TITLE

1930-1940 THE GREAT DEPRESSION: 1937 F. D. R. FAILS IN HIS COURT-PACKING SCHEME

AUTHOR(S)
Baron, Robert C.; Scinta, Samuel
PUB. DATE
March 1996
SOURCE
Millennium 2000 -- 20th Century America: Key Events in History;1996, p47
SOURCE TYPE
Book
DOC. TYPE
Article
ABSTRACT
This article recounts the relationship of U.S. President Franklin D. Roosevelt with the Supreme Court. After his reelection in 1936, Roosevelt decided to take on the Court, both as retribution for declaring the National Industrial Recovery Act and the Agricultural Adjustment Act unconstitutional and as insurance that the Court would pass future components of the New Deal. In February 1937 Roosevelt submitted a judicial reform bill to Congress. Events in 1937, however, would allow Roosevelt to abandon the plan. By 1937 Justice Owen Roberts, who had voted with the majority previously to strike down New Deal legislation, began voting with the other side. The Court would later uphold several New Deal acts. The judicial revolution that Roosevelt wanted had come about with no outside intervention.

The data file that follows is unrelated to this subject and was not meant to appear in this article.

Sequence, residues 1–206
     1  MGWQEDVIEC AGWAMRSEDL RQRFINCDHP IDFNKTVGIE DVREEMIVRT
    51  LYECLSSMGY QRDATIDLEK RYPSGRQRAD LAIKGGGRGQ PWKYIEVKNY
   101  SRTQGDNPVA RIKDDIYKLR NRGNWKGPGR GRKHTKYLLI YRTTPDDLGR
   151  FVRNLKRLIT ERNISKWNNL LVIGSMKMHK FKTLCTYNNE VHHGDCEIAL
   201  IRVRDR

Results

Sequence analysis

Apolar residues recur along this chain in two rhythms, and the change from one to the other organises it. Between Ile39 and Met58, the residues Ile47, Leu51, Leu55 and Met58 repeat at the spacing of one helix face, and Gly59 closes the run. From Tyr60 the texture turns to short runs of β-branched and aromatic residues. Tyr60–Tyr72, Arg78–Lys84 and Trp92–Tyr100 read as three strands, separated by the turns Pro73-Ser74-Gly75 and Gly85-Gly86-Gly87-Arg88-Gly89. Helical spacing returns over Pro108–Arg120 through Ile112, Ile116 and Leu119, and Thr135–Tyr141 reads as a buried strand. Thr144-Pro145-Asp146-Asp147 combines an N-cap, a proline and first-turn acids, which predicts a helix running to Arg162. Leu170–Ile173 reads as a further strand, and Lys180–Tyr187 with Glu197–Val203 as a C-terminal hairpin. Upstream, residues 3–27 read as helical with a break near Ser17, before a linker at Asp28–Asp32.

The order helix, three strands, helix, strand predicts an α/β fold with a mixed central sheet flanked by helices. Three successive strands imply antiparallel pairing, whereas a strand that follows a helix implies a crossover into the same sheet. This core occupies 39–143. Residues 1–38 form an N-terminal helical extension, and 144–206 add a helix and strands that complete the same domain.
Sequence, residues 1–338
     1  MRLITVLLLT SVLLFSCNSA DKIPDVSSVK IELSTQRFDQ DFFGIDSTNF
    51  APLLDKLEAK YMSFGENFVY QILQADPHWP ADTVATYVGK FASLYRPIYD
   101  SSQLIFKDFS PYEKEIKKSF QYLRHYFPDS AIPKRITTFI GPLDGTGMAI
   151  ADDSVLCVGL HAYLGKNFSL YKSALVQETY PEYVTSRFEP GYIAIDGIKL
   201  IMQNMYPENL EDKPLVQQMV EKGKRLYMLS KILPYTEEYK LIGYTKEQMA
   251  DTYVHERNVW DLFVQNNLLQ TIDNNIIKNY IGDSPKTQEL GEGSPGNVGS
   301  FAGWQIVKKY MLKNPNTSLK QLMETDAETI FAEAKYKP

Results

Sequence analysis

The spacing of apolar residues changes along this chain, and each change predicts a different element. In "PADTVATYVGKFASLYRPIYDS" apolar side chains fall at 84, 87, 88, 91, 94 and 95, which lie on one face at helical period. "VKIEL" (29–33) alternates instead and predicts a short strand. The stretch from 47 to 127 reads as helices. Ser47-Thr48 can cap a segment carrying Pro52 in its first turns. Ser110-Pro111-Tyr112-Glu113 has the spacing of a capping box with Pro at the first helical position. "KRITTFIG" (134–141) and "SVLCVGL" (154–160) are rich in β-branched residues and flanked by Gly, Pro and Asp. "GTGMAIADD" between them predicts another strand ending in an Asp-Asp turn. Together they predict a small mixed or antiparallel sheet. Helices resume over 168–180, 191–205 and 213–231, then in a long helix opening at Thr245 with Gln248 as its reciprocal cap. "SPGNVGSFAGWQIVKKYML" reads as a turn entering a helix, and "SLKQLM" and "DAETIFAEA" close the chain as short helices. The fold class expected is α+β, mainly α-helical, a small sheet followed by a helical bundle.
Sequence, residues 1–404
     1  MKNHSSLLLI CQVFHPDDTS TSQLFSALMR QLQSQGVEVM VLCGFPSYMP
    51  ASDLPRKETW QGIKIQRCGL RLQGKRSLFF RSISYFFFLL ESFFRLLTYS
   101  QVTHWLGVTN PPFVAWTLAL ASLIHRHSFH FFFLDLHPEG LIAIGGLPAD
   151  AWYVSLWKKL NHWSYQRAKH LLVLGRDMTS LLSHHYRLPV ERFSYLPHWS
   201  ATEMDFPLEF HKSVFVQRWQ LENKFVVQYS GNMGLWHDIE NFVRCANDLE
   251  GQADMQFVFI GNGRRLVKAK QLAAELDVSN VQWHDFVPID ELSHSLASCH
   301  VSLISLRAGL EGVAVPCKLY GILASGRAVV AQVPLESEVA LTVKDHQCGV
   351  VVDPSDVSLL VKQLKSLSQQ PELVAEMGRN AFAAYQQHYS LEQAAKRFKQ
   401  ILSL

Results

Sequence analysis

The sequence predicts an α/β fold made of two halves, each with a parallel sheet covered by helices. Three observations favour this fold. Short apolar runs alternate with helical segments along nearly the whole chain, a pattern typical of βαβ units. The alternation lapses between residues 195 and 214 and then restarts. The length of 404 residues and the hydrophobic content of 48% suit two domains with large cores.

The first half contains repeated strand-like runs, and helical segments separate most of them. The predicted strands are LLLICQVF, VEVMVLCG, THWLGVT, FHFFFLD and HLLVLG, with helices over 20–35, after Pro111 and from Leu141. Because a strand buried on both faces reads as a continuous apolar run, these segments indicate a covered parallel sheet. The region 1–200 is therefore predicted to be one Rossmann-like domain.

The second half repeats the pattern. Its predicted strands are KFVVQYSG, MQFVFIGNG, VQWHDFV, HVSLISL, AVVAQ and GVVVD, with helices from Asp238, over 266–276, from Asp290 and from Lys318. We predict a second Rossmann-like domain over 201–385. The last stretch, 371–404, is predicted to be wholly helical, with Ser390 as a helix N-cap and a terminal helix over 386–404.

ACCESSION #
18519869

 

Share

Read the Article

Courtesy of THE LIBRARY OF VIRGINIA

Sorry, but this item is not currently available from your library.

Try another library?
Sign out of this library

Other Topics